Attorneys clear Johnston in literature incident

Lake Elmo Mayor Dean Johnston will not face charges in connection with an incident earlier this month in which City Councilwoman Anne Smith claimed the mayor took her literature from a doorway.

“The allegations have been dismissed. There will be no legal action,” Johnston said Monday. “I got it from the city administrator (Dean Zuleger) who got it from the city attorney.”

Both Zuleger and City Attorney David Snyder said a conflict counsel of two attorneys reviewed the case and sent a three-paragraph letter to Snyder concluding “that no prosecution is warranted.”

In addition to the letter Snyder received, a letter to Washington County Sheriff’s Office Cmdr. Brian Mueller from County Attorney’s Office Criminal Division Chief Fred A. Fink Jr. also said there appeared to be no violations of campaign law in the incident.

“We have checked ch. 211B, Mn. Stats, as well as thoroughly searched Westlaw and have found nothing to indicate that this is a campaign law violation,” Fink writes. “If any criminal law is implicated, it would be the theft statute, which, of course, in this case would fall within the purview of the city attorney.”

Johnston admitted he removed Smith’s literature to read it and said Smith confronted him before he could put the document back in the door.

“There was a brochure in the door. I removed it so I could read it. She was sitting there before I could put it back,” he said.

According to the letter to Snyder from conflict counsel Trevor S. Oliver, Smith told WCSO deputies that she had distributed her campaign literature in a Lake Elmo residential neighborhood earlier this month and was driving away when she said she saw Johnston remove her literature she had put in a door and take it with him to his scooter.

Oliver’s letter adds that Smith confronted Johnston and the mayor returned Smith’s literature to the door.

A WCSO report said Smith told deputies she was campaigning in the 59th Street North area when she saw Johnston take her literature from a door, walk to his scooter and put the literature under his scooter’s seat.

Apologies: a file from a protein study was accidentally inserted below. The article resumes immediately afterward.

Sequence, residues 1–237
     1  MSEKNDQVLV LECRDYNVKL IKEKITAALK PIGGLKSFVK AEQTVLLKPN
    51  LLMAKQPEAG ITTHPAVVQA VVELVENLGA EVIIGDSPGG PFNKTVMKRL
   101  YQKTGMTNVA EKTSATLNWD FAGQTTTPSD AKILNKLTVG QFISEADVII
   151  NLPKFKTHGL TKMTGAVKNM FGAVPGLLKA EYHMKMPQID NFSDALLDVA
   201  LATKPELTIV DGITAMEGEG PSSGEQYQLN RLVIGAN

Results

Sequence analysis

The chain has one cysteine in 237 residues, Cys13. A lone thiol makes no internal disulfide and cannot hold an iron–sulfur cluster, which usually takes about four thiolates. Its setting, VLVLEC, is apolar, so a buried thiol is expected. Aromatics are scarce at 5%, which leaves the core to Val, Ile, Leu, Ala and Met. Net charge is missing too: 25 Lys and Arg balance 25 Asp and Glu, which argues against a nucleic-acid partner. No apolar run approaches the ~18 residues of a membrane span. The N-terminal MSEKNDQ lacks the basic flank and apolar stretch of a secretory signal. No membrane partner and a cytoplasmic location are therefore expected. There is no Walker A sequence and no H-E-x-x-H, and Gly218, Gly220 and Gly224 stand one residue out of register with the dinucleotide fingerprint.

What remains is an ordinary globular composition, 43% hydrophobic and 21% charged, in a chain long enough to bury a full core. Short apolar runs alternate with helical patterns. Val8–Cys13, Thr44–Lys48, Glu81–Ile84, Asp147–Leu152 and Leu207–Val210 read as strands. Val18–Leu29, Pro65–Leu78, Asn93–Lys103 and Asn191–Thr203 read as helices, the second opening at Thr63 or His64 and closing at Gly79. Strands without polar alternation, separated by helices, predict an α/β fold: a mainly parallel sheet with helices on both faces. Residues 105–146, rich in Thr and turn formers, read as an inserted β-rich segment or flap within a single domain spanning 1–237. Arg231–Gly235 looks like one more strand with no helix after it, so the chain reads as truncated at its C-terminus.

The deputy’s report said Zuleger spoke to Johnston about the incident and the mayor admitted taking Smith’s literature to read it but said he returned it to her.

“However, Zuleger does not know how many pamphlets this may be if it was limited to this one incident or if there were pamphlets taken from any other residences,” writes WCSO Deputy Nick Loperfido in the report.

“Neither Smith nor Zuleger made any mention that there was any evidence that any pamphlets had been taken from any other doors,” Loperfido adds.

The deputy’s report said he spoke with Johnston later at the mayor’s home about Johnston’s version of the event.

“Johnston told me he did take this material from the door and walked to his scooter which was parked on the driveway,” the report said. “The mayor told me that he only wanted to review this material and he was not taking it. The mayor made it clear that the materials did not leave the property.”

Oliver said the conflict counsel’s decision not to prosecute was based on the facts in the deputy’s report and the resources needed to bring the matter to trial.

“Several factors led us to resolve that balance in favor of not prosecuting this matter,” Oliver writes. “The potential defendant in this case has no criminal record; there is no evidence of any systemic or coordinated removal of campaign materials by this person; the conduct does not appear likely to be repeated, and the item was returned quickly, which, while not a defense to the charge of theft, is likely to be viewed in the potential defendant’s favor by a jury or sentencing judge.”

Johnston had no further comment about the decision.

“I don’t want to rehash the issue. It’s embarrassing to the city,” he said, adding that no one he has met since the Oct. 12 incident has mentioned while he has campaigned.